Sethe, if I’m here with you, with Denver, you can go anywhere you want. Jump, if you want to, ‘cause I’ll catch you, girl. I’ll catch you ‘fore you fall. Go as far inside as you need to, I’ll hold your ankles. Make sure you get back out. I’m not saying this because I need a place to stay. That’s the last thing I need. I told you, I’m a walking man, but I been heading in this direction for seven years. Walking all around this place. Upstate, downstate, east, west; I been in territory ain’t got no name, never staying nowhere long. But when I got here and sat out there on the porch, waiting for you, well, I knew it wasn’t the place I was heading toward; it was you. We can make a life, girl. A life.

Is Beloved a real person, or just a figment of Sethe’s imagination? Has Sethe finally gone “crazy” as she so desperately wants? I never figured out for sure if Beloved was a real person or an apparition, but I tend to lean towards her being an apparition, due to the nature of the story, the ending, and the timing of Beloved’s appearance.

I can’t talk about Beloved without talking about the elegance and sheer perfection of the writing. Toni Morrison is sparse, but detailed, as she puts just enough on the page to let one’s imagination roam. The subject matter is intense and graphic, and I had to set the book aside many times, as it was so intense. The pain and injustice of slavery, the agony of the characters, and the anguish is prevalent throughout. This is an exceedingly disturbing book, and it’s the reality of the book’s message that makes it so disturbing. There is real pain and sadness here that goes beyond the book.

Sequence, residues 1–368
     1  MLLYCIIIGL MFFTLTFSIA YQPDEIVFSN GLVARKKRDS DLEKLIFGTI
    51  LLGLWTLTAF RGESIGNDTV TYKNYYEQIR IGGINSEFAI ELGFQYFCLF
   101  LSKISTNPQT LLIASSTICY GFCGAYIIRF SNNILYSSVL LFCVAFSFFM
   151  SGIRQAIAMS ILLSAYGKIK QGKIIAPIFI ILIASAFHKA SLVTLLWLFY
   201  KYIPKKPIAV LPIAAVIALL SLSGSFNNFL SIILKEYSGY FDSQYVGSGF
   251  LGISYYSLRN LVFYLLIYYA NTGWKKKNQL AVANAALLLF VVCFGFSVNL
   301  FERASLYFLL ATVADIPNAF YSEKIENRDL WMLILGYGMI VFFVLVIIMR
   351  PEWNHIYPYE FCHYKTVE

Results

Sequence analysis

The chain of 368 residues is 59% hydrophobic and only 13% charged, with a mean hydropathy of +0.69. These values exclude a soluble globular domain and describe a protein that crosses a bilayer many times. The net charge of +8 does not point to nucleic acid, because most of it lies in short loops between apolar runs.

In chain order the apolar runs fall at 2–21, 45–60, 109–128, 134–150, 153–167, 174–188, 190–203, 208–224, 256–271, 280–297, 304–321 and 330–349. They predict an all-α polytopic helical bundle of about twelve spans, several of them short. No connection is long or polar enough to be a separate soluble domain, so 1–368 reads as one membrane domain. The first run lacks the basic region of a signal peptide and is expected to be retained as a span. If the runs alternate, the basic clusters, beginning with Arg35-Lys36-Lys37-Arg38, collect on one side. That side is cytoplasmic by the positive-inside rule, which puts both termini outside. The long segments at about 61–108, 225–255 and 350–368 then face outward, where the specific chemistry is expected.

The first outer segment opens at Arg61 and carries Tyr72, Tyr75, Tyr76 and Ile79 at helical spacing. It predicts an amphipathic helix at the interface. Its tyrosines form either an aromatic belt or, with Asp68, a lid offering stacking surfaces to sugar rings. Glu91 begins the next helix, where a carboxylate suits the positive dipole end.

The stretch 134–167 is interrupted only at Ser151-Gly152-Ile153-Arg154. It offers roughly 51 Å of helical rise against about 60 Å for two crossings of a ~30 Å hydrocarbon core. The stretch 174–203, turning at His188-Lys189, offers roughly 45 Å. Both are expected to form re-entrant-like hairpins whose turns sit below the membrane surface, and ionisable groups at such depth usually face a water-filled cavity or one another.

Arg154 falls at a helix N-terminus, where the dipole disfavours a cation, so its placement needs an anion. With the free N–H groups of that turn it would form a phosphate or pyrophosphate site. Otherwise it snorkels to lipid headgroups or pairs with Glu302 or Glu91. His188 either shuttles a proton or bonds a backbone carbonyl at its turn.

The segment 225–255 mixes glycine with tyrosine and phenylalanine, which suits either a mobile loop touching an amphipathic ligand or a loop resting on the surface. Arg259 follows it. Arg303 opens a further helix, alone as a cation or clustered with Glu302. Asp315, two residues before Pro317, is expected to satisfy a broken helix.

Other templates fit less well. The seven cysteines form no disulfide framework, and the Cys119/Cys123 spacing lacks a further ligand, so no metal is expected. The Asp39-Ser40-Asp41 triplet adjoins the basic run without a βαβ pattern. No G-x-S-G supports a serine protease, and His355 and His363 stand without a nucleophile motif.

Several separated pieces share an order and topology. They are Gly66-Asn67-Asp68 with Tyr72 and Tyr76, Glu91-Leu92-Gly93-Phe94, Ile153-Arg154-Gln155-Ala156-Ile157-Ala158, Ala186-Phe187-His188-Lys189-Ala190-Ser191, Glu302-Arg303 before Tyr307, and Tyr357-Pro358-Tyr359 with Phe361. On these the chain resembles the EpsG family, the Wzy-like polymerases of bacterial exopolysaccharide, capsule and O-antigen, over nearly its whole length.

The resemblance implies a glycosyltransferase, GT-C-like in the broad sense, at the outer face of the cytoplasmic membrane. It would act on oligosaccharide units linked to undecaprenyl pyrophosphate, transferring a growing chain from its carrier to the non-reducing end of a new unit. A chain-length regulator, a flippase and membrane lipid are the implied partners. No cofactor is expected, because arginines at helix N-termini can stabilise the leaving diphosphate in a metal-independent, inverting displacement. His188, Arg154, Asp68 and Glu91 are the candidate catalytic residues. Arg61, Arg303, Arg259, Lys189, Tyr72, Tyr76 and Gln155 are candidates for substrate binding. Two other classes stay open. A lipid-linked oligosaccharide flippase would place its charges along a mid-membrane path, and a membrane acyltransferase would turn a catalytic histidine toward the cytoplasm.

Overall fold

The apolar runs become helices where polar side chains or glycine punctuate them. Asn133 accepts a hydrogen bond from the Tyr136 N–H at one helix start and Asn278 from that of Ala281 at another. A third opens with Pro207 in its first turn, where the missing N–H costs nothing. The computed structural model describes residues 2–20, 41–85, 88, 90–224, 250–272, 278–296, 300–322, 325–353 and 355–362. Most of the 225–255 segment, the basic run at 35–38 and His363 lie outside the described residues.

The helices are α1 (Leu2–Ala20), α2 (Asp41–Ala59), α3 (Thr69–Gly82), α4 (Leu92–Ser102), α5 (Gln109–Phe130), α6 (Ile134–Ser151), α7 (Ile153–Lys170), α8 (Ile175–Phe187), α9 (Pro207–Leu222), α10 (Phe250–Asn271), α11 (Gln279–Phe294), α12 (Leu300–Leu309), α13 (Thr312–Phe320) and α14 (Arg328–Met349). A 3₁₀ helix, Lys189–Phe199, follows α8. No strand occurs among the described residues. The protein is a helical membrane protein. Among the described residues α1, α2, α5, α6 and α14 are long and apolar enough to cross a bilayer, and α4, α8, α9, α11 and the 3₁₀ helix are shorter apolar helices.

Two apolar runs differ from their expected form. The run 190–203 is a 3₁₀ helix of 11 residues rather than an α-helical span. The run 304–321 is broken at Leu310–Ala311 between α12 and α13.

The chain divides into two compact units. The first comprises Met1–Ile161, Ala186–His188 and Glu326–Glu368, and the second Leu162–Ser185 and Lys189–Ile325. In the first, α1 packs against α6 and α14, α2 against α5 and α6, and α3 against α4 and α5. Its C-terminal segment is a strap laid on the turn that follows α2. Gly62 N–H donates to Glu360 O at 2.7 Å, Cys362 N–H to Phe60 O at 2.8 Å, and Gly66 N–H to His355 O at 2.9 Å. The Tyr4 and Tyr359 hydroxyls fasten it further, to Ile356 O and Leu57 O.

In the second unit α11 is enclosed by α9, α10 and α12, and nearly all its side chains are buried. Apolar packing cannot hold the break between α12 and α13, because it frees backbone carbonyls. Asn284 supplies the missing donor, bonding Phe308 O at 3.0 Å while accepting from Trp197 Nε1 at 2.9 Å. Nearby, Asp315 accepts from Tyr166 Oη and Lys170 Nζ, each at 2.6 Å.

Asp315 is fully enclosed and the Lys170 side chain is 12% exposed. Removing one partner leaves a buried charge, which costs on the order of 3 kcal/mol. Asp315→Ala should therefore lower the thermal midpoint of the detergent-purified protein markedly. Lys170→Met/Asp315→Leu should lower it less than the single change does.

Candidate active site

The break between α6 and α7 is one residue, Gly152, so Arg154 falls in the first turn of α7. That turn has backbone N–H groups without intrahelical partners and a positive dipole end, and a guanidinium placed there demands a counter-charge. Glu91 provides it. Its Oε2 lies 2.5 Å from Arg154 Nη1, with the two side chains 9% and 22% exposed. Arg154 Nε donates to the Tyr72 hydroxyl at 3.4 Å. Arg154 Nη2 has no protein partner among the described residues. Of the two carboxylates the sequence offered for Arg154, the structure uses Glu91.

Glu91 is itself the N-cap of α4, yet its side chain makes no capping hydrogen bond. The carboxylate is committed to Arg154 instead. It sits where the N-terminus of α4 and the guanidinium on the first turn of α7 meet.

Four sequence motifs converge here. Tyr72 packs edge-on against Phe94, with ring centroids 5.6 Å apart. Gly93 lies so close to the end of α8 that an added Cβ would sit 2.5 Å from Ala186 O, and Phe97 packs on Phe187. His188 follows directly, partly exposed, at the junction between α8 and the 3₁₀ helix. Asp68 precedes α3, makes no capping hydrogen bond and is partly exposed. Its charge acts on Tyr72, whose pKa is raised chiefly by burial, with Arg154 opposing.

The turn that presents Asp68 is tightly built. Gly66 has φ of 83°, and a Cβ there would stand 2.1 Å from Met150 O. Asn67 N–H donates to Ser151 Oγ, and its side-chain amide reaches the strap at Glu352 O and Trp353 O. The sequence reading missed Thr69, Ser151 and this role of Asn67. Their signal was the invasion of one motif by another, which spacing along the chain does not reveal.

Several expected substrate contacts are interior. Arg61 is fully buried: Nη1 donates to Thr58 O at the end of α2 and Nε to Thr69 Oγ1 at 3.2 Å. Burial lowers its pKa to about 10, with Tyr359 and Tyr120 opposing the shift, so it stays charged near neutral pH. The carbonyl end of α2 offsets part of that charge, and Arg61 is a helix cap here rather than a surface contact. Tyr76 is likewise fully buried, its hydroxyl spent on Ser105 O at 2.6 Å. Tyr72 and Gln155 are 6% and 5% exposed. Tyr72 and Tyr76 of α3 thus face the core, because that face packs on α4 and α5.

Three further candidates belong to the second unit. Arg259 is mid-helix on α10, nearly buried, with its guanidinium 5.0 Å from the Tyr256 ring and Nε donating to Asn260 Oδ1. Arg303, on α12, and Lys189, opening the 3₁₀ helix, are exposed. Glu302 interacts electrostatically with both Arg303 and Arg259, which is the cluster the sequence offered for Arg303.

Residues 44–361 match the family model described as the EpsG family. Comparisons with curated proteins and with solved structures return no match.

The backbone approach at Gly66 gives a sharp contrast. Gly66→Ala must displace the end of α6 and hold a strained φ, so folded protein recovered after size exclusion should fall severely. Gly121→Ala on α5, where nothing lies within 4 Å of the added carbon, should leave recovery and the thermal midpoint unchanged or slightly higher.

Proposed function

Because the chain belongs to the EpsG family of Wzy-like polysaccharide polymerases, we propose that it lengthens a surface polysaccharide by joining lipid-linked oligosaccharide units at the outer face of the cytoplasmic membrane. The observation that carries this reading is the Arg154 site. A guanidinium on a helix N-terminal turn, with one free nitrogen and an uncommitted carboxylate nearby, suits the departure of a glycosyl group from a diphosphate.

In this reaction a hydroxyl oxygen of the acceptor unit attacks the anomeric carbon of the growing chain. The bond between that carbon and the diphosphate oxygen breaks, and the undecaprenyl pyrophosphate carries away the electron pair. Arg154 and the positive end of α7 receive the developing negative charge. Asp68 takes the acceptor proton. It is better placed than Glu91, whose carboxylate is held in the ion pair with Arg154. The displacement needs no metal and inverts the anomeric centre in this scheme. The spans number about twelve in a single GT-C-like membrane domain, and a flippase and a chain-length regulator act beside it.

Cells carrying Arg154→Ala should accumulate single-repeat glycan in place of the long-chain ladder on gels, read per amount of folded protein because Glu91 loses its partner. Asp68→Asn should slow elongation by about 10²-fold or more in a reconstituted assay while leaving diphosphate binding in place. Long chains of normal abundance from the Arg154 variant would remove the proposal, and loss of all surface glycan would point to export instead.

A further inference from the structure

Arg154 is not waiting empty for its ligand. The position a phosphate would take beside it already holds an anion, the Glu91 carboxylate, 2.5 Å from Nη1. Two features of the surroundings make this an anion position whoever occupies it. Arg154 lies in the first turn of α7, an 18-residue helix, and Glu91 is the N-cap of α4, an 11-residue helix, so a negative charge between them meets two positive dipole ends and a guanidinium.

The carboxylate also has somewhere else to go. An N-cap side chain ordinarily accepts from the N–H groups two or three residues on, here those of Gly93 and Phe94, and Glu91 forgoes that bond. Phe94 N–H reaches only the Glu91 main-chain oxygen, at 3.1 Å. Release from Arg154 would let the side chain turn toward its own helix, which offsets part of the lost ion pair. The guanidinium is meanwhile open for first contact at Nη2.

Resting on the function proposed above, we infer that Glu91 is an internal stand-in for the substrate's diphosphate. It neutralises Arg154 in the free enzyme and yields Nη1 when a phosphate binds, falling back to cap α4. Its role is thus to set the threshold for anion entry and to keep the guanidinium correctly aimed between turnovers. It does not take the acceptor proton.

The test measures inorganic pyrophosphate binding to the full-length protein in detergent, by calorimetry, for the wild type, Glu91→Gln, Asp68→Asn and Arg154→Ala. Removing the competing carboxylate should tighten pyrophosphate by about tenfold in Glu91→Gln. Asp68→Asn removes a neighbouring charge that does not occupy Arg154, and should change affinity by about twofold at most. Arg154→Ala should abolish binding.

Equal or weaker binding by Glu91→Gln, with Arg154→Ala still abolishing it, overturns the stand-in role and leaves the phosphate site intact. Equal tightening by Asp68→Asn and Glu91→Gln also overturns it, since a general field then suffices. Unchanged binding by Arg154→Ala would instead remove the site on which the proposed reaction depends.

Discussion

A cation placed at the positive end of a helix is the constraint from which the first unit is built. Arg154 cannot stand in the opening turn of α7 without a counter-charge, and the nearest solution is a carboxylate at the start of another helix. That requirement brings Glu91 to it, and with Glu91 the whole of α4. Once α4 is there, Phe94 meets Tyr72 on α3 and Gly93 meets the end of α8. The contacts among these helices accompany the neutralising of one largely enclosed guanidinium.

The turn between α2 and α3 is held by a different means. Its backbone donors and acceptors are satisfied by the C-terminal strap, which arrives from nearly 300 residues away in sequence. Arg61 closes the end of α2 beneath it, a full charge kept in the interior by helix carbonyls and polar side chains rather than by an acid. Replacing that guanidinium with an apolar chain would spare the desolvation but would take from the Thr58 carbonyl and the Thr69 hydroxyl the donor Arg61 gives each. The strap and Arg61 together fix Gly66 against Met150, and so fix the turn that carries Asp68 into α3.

Freeing yourself was one thing; claiming ownership of that freed self was another.

In terms of the characters, Sethe was a fascinating character full of turmoil and strength. I instantly felt her pain when I started to read. Her daughter, Denver, who has been kept inside for years, was frustrating for me to read. I wanted to like her, and I did end up liking her more at the end of the book. Paul D, a man from Sethe’s past who arrives, was a character I also liked. His story is harrowing and raw, and while he made some aggravating decisions here, he also had some very nice moments. I love characters that make me feel more than “oh they were just fine”, and ones that change throughout the course of a novel. I think Morrison’s characterization was excellent here, and the characters are now forever in my head they are so memorable. Sethe especially.